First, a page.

Ulnar canal

Ulnar canal
Transverse section across the wrist and digits.
Superficial palmar nerves.
Latincanalis ulnaris
Anatomical terminology

The ulnar canal or ulnar tunnel (also known as Guyon's canal or tunnel) is a semi-rigid longitudinal canal in the wrist that allows passage of the ulnar artery and ulnar nerve into the hand. The roof of the canal is made up of the superficial palmar carpal ligament, while the deeper flexor retinaculum and hypothenar muscles comprise the floor. The space is medially bounded by the pisiform and pisohamate ligament more proximally, and laterally bounded by the hook of the hamate more distally. It is approximately 4 cm long, beginning proximally at the transverse carpal ligament and ending at the aponeurotic arch of the hypothenar muscles.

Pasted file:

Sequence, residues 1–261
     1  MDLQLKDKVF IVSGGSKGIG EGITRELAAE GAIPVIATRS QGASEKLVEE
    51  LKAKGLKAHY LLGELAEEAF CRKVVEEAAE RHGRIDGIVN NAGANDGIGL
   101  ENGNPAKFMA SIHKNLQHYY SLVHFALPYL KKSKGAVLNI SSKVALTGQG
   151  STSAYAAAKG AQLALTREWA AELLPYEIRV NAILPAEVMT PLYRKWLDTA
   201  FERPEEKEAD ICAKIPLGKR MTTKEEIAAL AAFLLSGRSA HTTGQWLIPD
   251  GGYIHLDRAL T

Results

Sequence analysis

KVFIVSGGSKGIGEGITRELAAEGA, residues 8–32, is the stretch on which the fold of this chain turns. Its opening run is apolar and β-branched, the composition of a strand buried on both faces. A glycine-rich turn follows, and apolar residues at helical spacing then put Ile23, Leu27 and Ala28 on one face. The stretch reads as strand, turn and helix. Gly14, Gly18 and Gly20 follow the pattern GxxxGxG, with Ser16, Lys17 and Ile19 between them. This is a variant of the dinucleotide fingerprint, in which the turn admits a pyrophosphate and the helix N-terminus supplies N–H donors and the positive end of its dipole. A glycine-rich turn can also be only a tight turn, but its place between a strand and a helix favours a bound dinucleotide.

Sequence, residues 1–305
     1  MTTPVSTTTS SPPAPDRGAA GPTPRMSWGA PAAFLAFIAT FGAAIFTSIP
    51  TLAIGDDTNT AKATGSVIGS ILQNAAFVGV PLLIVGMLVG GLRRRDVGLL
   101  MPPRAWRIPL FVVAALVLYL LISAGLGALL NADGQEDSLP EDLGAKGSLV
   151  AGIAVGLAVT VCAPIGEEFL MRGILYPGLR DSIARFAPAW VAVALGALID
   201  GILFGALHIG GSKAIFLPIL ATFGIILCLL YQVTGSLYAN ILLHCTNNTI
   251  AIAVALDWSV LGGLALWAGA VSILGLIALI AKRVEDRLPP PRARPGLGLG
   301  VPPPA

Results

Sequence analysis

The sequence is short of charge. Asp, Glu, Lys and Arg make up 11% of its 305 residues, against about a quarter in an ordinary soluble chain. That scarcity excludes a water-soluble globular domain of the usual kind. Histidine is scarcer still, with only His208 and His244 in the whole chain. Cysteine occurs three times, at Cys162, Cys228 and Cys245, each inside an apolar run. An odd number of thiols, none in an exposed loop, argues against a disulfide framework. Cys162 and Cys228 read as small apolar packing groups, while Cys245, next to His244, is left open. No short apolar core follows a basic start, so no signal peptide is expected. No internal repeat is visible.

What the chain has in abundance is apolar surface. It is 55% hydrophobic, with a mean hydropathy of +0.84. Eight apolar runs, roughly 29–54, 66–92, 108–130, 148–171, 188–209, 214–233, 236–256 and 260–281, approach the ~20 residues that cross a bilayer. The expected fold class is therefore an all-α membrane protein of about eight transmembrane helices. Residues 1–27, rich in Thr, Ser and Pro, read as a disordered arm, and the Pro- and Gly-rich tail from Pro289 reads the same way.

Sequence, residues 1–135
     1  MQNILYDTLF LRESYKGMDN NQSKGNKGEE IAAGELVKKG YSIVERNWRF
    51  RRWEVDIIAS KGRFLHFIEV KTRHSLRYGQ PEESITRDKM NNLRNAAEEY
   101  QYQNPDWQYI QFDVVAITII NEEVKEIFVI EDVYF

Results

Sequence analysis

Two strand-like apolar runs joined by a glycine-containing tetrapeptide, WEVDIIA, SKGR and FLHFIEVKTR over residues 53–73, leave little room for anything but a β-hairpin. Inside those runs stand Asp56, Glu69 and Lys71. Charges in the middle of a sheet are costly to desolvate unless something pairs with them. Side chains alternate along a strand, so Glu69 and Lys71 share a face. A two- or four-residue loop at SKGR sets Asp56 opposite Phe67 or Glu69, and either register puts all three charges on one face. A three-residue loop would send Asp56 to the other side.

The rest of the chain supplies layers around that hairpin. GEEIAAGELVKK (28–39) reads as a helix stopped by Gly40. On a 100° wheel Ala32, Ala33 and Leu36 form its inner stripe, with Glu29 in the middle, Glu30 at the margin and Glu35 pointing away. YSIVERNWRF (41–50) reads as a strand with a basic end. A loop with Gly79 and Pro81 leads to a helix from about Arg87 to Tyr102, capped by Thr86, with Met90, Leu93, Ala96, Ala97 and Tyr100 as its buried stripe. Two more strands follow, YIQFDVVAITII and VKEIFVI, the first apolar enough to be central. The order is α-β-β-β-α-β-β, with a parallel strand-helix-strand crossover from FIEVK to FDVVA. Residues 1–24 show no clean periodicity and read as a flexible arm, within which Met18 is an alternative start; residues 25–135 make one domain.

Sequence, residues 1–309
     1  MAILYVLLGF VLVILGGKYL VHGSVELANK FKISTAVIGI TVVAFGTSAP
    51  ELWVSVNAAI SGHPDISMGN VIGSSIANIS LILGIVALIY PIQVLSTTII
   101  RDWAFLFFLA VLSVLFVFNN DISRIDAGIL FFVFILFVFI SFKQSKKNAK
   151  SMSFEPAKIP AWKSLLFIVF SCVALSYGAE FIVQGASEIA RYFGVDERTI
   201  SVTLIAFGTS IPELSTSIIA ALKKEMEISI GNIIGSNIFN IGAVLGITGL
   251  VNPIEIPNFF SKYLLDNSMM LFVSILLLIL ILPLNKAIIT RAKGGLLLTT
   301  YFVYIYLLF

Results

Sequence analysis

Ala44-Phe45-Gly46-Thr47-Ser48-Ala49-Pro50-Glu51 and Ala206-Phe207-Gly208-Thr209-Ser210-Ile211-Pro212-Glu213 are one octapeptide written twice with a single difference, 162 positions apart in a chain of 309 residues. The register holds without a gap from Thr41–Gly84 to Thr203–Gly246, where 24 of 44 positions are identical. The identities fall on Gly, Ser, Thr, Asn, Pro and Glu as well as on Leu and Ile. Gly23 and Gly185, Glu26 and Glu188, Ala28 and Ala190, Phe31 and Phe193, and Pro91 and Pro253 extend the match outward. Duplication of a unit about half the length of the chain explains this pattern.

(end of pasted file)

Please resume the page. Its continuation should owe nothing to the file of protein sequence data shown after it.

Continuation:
The ulnar tunnel is eponymously named after the French surgeon Jean Casimir Félix Guyon, who originally described the canal in 1861.

Clinical significance

Entrapment of the ulnar nerve at the ulnar canal can result in symptoms of ulnar neuropathy, including numbness or weakness of certain parts of the hand. (See full article on ulnar nerve entrapment.) This is known as ulnar nerve entrapment or Guyon's canal syndrome. There are four subtypes of ulnar neuropathy at the wrist, of which type II is the most common. Guyon's canal syndrome may be secondary to ganglion cyst formation, or compression against a bicycle handlebar.

See also

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